Where are we going with proposals – federal contracting trends

There are definite trends I have been noticing in the direction the government contracting and proposal world has taken as of late. Here are a few recent occurrences I have observed that may be common:

  • One small business contractor had three DOD contracts cancelled, and it is now on life support struggling to survive.
  • A few other contractors spent precious resources on proposals only to have the opportunities cancelled 7-10 days before submission.
  • Others have seen most of the opportunities they were tracking slip to the right.
  • Most who have been busy writing proposals at the end of this fiscal year are working to preserve their existing work.

I have been talking to government employees about it, and here is what they report:

  • Many agencies had to self-cut their budgets.
  • Most everything that is not absolute core mission work has been removed. Existing projects are the ones that are being rebid.
  • Most of these projects are moving to IDIQs or GSA and VA schedules.

In a nutshell, the government is trying to award faster, with fewer headaches because they don’t have much time to dilly-dally with extended procurements and a higher possibility of protest. In response, companies are working diligently to move their existing work to IDIQs where they prime, while their competitors play a tug-of-war looking to move them to other vehicles. Procurements that were once stand-alone are now task orders, with some exceeding $800 million.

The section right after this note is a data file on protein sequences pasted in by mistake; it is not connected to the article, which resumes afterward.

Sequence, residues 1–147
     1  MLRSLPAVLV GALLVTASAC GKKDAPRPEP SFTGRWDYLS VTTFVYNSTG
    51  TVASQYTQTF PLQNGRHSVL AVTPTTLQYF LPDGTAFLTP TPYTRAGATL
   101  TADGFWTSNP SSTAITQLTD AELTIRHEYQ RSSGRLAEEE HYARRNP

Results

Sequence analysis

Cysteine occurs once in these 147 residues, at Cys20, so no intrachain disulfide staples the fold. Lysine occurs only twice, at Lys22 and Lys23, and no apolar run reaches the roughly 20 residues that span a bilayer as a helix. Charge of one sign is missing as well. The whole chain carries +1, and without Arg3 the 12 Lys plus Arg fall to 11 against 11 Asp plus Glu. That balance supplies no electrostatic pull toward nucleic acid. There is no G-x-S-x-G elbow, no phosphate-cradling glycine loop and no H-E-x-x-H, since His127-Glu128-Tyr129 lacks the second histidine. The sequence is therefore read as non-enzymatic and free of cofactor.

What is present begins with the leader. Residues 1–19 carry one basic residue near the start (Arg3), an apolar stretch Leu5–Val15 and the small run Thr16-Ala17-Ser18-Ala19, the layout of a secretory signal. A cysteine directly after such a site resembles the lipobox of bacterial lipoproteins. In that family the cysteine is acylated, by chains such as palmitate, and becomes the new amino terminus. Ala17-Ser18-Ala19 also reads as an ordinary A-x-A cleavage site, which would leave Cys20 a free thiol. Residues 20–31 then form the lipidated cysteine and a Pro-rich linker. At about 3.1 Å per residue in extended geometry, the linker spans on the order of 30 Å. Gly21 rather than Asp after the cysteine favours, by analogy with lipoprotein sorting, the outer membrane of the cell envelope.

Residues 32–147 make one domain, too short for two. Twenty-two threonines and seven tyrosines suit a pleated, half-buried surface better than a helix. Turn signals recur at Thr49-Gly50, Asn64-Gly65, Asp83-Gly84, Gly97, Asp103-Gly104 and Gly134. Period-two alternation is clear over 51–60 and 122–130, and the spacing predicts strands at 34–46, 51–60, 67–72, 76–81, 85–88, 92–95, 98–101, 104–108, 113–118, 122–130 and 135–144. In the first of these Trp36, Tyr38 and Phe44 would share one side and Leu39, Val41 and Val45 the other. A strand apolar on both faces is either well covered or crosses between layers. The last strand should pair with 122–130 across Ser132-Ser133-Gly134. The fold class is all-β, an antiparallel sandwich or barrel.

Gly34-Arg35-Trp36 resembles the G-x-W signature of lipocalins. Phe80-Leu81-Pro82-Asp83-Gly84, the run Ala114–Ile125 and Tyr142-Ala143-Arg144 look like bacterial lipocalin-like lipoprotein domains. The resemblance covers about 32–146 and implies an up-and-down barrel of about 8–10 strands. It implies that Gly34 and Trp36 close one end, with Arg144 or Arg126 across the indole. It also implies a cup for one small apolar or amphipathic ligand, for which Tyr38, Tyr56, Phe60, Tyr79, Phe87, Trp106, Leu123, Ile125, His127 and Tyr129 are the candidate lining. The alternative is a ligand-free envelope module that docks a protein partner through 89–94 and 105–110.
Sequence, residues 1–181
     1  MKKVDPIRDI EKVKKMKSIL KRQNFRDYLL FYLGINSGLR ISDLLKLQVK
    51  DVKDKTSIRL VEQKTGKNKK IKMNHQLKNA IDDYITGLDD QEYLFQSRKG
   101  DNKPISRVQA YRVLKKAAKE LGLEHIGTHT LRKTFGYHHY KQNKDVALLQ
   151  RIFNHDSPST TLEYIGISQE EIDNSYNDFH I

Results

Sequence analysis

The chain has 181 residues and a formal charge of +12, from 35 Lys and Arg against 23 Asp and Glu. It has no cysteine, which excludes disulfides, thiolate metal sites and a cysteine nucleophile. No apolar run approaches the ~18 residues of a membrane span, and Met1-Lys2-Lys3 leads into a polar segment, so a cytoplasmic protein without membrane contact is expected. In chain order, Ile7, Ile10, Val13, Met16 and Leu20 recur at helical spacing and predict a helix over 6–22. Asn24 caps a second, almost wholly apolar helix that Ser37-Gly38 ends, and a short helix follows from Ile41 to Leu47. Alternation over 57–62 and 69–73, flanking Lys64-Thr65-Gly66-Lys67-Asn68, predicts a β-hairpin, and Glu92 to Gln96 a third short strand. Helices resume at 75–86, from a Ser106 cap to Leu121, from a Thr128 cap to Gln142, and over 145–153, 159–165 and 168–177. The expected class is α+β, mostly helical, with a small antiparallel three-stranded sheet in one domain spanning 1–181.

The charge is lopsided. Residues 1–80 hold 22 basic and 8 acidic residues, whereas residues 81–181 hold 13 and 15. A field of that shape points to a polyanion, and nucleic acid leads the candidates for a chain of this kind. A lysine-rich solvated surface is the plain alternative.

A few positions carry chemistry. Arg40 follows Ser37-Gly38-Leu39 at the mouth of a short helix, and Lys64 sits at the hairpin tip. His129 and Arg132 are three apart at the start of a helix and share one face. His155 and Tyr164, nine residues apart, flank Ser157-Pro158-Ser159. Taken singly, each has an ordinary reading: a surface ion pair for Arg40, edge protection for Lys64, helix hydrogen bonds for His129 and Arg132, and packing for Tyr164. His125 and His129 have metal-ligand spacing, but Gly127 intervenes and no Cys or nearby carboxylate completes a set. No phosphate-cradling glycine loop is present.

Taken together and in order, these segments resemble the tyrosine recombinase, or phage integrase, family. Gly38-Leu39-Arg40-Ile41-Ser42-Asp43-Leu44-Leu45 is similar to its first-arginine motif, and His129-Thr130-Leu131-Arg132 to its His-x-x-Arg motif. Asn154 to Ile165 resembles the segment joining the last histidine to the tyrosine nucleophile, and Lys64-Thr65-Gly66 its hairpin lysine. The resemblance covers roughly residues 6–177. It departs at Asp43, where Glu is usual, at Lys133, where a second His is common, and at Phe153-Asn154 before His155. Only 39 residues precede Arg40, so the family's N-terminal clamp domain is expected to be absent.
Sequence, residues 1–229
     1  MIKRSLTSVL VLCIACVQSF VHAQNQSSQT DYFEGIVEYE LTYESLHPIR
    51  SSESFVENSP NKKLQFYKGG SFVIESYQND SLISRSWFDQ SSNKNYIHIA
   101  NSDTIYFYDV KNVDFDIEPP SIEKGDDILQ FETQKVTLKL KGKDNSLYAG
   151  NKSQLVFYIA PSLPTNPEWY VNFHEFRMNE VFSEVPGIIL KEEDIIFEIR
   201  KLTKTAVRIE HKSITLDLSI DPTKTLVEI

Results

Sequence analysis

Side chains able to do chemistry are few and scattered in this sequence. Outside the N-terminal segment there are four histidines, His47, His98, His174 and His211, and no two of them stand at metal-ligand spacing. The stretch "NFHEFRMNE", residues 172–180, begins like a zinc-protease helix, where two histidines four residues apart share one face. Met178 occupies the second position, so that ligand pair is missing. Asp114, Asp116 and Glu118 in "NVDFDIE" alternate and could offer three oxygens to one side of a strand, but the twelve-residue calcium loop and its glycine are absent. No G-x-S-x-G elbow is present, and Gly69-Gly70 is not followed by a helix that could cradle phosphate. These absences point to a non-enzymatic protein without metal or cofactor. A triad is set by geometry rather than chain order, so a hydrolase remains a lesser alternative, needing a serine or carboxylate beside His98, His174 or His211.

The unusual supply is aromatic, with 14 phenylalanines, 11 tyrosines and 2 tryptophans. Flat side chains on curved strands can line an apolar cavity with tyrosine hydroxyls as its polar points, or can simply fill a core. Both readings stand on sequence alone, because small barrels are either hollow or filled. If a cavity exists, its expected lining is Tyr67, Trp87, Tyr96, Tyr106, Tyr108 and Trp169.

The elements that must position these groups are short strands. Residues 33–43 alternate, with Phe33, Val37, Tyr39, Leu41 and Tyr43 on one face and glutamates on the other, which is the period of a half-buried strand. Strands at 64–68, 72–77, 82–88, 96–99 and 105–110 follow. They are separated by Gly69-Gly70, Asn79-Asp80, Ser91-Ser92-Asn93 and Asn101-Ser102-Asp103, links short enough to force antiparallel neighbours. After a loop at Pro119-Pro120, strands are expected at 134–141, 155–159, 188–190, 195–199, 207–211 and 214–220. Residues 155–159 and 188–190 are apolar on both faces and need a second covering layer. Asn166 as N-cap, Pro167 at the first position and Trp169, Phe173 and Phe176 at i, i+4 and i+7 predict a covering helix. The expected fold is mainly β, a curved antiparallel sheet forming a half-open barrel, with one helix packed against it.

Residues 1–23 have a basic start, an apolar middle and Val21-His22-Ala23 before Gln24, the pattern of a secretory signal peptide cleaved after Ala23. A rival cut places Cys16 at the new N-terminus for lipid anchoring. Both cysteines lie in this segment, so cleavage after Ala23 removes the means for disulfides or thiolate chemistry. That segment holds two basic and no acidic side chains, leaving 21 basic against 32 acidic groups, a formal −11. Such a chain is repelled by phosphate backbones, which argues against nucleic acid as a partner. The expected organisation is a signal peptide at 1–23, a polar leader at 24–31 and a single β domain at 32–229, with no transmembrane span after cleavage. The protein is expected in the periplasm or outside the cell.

Industry-wise, my personal crystal ball is telling me that the most stable areas are going to be security, cyber, and intel, as the world is not getting much safer and some areas (lifecycle logistics, or operations and maintenance) just cannot be eliminated very easily.

While all of this is from personal conversations, here is some data to show that this multiple award trend is real.

As of August, there was roughly a $132 billion ceiling for IDIQ contracts in the soon-to-be-ending 2011 fiscal year (FY) according to a quick ballpark in Centurion Research’s pipeline tool. This represents a 27% increase from FY 2010. It would be interesting to see how many task orders are issued under this ceiling come the end of this fiscal year. USASpending.gov stated over a year ago that more than 50% of government procurement is now moving to multiple award contracts. Once bidders are qualified for the IDIQ vehicle, the award could take just a couple months instead of the normal 6-18 months. It streamlines competition, reduces protests, and provides the government with better buying power and greater efficiencies.

The government itself doesn’t know how many IDIQs it has across all the agencies, but it has been trying to keep the number down. There are rumors on the street that some large ones that people already have bid on might be cancelled, with the work moved to the existing vehicles.

Obviously, all of this has implications for your bid and proposal strategy. Most players in the federal contracting arena see IDIQ contracts as a main strategic element of their revenue growth, even in this shrinking market. Those who are nimble enough to adapt will navigate through this environment successfully. Those who fail to adapt may be beyond life support shortly.

The first reaction may be to bid on more IDIQs. “Collecting” IDIQs is only half the battle, and it won’t help you much, especially if you are not the prime on a vehicle. It certainly adds flexibility and portability for different contracts, but doesn’t guarantee revenues.